New age thinking

The Hero Caribbean Premier League (CPL) blasted off last week Wednesday with much glitz and fanfare, as the defending champions, the Trinbago Knight Riders (TKR) hosted the St. Lucia Stars at the Queen’s Park Oval in a night game which commenced at 8:00 pm. The TKR wasted little time in disposing of the hapless Stars, who extended their losing streak from last season, where they failed to record a single victory in ten outings.

Over at the National Stadium, at Providence, sellout crowds at the National Stadium, stomped their feet, jumped and waved pennants and flags, and yelled and screamed to their hearts’ delights at the three Twenty 20 (T20) games between Thursday and Sunday, as their beloved Guyana Amazon Warriors notched two victories.

On Friday night, at the Queen’s Park Oval, the TKR compiled a CPL record score of 223/6, which stood for all of two hours. The Jamaica Tallawahs appeared to be dead and buried at 41/5, before Andre “Superman” Russell, who was dropped on one, took matters into his hands. At first, it looked like the Tallawahs might be able to restore some pride, perhaps make it close, and then there was an improbable chance for a win. In a swashbuckling innings of 121 not out, Superman, aided by his fellow Jamaican and training partner, Kennar Lewis (52 off 35 balls), blasted 13 sixes, while leading his side to victory with three balls to spare. Russell’s CPL record equalling plunder of a hundred off of forty balls, stunned the huge home town crowd into silence, whilst the millions around the world watching on television, relished a game where records tumbled all night.

Yes, the CPL, now in its sixth season, is going from strength to strength, and still growing in popularity. Over the last two months, the West Indies hosted five Test matches, three against Sri Lanka and two versus Bangladesh, and the sum total of those in attendance at the five games probably could have fit comfortably into any one stand where the CPL matches are being played, and there would have been seats remaining.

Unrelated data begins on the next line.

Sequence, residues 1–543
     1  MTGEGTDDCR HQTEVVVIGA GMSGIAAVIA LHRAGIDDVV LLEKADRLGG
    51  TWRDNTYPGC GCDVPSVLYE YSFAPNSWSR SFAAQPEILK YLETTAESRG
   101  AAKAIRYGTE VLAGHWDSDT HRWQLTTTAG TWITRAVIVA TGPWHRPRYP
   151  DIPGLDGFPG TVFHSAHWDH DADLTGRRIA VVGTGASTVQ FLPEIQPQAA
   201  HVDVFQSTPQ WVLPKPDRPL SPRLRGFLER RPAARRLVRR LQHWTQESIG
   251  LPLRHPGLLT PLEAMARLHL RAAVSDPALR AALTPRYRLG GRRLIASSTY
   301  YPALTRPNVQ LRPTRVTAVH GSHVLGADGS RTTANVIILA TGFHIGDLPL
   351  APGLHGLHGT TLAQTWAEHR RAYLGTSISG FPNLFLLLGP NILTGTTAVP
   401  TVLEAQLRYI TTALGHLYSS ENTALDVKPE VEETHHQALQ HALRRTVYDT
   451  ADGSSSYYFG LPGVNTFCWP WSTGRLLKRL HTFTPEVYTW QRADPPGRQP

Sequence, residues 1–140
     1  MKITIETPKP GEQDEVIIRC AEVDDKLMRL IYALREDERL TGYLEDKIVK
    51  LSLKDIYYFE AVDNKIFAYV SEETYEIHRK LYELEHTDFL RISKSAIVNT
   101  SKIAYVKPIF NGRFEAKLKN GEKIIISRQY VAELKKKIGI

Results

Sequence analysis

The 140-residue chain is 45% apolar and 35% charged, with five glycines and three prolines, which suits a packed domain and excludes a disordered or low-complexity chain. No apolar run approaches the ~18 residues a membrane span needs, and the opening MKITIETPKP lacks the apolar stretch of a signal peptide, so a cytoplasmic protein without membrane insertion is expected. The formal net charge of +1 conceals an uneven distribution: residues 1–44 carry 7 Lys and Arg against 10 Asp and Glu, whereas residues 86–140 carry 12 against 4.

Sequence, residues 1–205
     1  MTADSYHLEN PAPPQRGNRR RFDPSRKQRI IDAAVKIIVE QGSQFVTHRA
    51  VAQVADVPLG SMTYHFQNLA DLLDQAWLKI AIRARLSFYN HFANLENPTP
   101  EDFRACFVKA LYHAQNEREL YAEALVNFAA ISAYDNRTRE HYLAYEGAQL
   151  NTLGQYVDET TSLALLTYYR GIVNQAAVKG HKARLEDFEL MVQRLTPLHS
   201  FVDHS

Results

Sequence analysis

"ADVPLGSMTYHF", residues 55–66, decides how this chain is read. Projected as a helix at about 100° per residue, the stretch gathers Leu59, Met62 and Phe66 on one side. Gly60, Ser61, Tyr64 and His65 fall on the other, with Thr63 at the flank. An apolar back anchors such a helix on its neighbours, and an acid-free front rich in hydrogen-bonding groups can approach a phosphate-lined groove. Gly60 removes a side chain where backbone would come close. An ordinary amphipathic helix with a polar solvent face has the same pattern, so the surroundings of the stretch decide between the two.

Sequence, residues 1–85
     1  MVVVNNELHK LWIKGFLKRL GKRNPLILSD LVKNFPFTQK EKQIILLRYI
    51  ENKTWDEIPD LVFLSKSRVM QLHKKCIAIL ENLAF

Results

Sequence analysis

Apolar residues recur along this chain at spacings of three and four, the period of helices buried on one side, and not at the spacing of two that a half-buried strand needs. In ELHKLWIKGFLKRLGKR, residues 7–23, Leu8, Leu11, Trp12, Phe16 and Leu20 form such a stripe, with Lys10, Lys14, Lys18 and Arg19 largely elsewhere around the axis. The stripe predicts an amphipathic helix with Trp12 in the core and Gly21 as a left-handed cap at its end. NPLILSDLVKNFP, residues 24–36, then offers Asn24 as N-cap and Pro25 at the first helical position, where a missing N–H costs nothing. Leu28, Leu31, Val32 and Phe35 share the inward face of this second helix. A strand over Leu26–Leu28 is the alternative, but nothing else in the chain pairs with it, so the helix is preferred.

The recurring question is; is Test cricket dying? To the purist, the anthropologist, and traditionalist, the answer is a resounding no, as they cling desperately to the fast eroding pastime.  Perhaps, the wrong question is being pitched.  Maybe, we should be asking, why is the T20 format so appealing? Why is it  considered the fastest growing sport? Why are corporate sponsors so anxious to hop on board this runaway train? Why does this game – some researchers view this as an entirely different game to cricket- appeal to the millennial audience, those born between the mid-1980s and the late 1990s to early 2000s? Why does the game attract such a large female following, most of whom will change the channel once Test cricket comes on television? Why is the younger generation, generation Z, gravitating to the game?

One astute observer has proposed that we are in a New Age of Thinking. It’s a different world, a different time and a new age of thinking has snuck up on us without us actually being aware that the whole world has, and is, rapidly changing right in front of our eyes, and the T20 game perfectly exemplifies the approach to life in this new age.

The incessant action created by the kaleidoscope of coloured uniforms, cheerleaders, music, entertainers, etc. creates a continuous flow of energy often deflecting away from the audience the fact that they are at a cricket game. The savvy television producers have built on Australian Kerry Packer’s Channel Nine fabled production innovations and coupled it with the revolutionary ideas of other producers who converted such previously staid past times as snooker, poker and darts into much watched television, often rooting the audience less they miss something of importance. There never seems to be a dull moment in a T20 forecast which seems to be carefully blended and expertly delivered.

Commentators are often referring to the constantly changing situations, often captured by the cameras panning to the players’ shed where coaches, with clipboards for charting every aspect of the game, appear to be in constant discussion.  The West Indies are often accused of adopting a cavalier approach to the game, a claim refuted by their coach in the last ICC T20 Championship triumph.  Phil Simmons, who has acknowledged the importance data mining played in that victory, painstakingly poured over the computer printouts with the team’s statistician, every day of the tournament.

As the game continues to evolve and the quests for competitive advantages increase, the compilation and analysis of data will likewise increase. This number crunching, a staple of baseball, will of course attract another dimension of fan. The thirst for numbers will only see the further application of wearable technology in the game. Expect players to be fitted with monitoring devices to track data ranging from their fielding efficiency to their running between the wickets.

The T20 game arrived with a new age of thinking and has moved past Test cricket as the product in high demand at the moment. Its willingness to unshackle deep rooted traditions and embrace new innovations has propelled it along at an electrifying pace.

With the millennials coming of age, can their interest in the shortened format be transferred to the Test arena?  The ICC, the gatekeepers of Test cricket certainly have their work cut out. How are they going to apply this new age of thinking to Test cricket? Time is running out.

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